The Dirty Little Word in Colombia

When we initially made plans to travel to Colombia, I must confess, we really knew very little about the country before we started to research it. When we thought of Colombia, two things came to mind – Coffee & Cocaine.

You can’t mention the country of Colombia without witnessing the widening of peoples eyes and the inevitable question – what about the drug lords?

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You won’t find Narcos in Colombia.

Pablo Escabor and the terrifying grip he had on the country in the 80s is an undeniable and sad part of Colombia’s history. You can’t seem to get away from it and the glamorization of it by the West – just turn on Netflix and watch the success of Narcos if you don’t believe me!

I cannot state it enough – we did not book our trip to Colombia to do drugs. A lot has transpired in the country over the last 2 decades and now it is a much safer place to travel to, so the fear of running into some drug lord territory was quite low. However, we did recognize the fear and misunderstandings that people had about the region that made ‘Cocaine Cowboys’ and the drug fueled disco era of the 80s, possible.

Throughout the 90s, with the fall of Escobar, increased security and the (sometimes misguided) assistance of the U.S. – the country of Colombia has mostly stabilized. I am by no means an expert on politics of the region – but we did have a chance to discuss the history and background of the country with the locals to get their perspective.

The bottom line is this – while there is still political corruption (and that is undeniable) the country is no longer the haven for drug lords that it once was. People feel much safer there. The drug lords that descended to take over the business after Escobars fall have now largely moved north, to Venezuela and Mexico. While sad for them, it has provided relief for the country of Colombia and the people that reside there. They’ve been able to now essentially take back their country and focus on nurturing the many rich assets of the region. In fact, economically speaking they have strong oil reserves, an incredible climate for coffee plantations, bio diversity that enables them to be the world’s largest export of roses and so much more. In fact, people have been moving back to Colombia and investing in the region like never before – even Medellin is turning out to be the next ‘hub’ for start-ups, attracting talent from all over the world.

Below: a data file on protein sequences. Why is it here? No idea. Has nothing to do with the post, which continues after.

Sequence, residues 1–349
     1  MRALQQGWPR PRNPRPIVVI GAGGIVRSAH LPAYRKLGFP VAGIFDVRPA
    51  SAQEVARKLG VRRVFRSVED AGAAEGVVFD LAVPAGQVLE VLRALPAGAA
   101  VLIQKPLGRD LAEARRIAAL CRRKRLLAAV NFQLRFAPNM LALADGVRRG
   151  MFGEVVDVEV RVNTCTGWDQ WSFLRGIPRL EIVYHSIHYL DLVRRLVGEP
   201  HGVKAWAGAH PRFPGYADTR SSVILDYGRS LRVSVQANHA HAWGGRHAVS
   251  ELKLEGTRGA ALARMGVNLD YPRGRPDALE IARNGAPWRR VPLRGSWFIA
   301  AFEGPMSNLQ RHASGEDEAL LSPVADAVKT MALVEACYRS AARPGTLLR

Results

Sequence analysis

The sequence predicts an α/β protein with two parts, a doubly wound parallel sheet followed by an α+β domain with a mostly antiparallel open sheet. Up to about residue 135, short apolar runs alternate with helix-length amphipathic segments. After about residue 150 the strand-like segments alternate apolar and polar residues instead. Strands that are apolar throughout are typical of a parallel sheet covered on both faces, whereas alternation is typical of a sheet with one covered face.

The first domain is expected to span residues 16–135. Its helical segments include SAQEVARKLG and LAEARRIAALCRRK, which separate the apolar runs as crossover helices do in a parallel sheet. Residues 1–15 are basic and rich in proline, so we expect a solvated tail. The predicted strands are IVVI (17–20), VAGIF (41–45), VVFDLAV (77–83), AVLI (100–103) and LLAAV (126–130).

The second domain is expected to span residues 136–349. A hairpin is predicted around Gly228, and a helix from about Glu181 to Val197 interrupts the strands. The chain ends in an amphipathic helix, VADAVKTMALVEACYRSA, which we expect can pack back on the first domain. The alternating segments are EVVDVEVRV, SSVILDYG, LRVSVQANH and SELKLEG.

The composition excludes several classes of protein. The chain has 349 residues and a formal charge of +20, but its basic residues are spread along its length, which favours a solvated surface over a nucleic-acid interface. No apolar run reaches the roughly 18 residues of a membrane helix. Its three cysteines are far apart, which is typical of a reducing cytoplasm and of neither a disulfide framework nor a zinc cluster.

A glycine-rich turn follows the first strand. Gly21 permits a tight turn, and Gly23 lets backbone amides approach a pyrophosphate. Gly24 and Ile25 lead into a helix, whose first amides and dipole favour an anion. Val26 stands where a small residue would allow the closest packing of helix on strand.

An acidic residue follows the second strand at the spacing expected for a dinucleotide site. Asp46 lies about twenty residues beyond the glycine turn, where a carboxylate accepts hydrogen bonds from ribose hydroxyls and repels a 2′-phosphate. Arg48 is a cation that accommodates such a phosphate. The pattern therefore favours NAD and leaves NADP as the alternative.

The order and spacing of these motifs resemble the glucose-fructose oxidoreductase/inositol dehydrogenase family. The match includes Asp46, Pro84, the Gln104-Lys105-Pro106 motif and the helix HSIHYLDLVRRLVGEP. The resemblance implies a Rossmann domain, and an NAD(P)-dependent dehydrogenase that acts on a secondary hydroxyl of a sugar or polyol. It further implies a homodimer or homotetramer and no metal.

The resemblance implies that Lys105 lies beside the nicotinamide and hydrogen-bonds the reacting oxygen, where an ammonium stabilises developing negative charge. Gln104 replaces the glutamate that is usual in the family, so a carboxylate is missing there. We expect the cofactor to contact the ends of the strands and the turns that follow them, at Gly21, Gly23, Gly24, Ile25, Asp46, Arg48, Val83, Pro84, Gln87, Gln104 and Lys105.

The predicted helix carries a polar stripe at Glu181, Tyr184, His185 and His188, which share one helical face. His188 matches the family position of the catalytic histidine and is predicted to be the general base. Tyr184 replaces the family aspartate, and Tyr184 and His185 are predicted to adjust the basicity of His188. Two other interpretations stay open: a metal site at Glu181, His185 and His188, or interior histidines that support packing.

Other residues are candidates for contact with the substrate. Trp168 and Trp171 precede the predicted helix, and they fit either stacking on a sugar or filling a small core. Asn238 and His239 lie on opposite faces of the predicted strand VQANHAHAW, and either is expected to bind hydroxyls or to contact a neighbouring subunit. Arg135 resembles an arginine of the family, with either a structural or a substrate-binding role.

IMG_3672Locals also rightfully informed us that the Coca plant itself was used (and still is used) for medicinal purposes. Cocaine is a transformed, chemically treated version of the plant and violates its intended use. Coca is used to ease digestive problems, provide energy, help with arthritis, ease pain, help with depression, calm migraines, and so more. In fact, in Colombia you can buy and drink Coca tea, which is the natural form of the plant (and tasty I might add). It does provide a calming effect, we enjoyed it and would even recommend it.

Yet, the scars from Escobar’s reign do still exist. Maybe it’s because we weren’t looking for it, but Cocaine was not something that seemed to be used by the locals there. In fact, the use of it is frowned upon and represents a dark history. If you’re looking to travel to the region and party, I’m sure you’ll find an outlet for it but don’t expect the locals to embrace you. The people themselves don’t want to be known or associated with the painful past of the Cocaine drug trade in the same way Germans don’t want to be known solely for the pain of the Nazi takeover. It’s a shameful and extremely painful time that Colombians don’t even like to talk about. Many of them, I suspect, were impacted personally by that time period and they are still healing from it.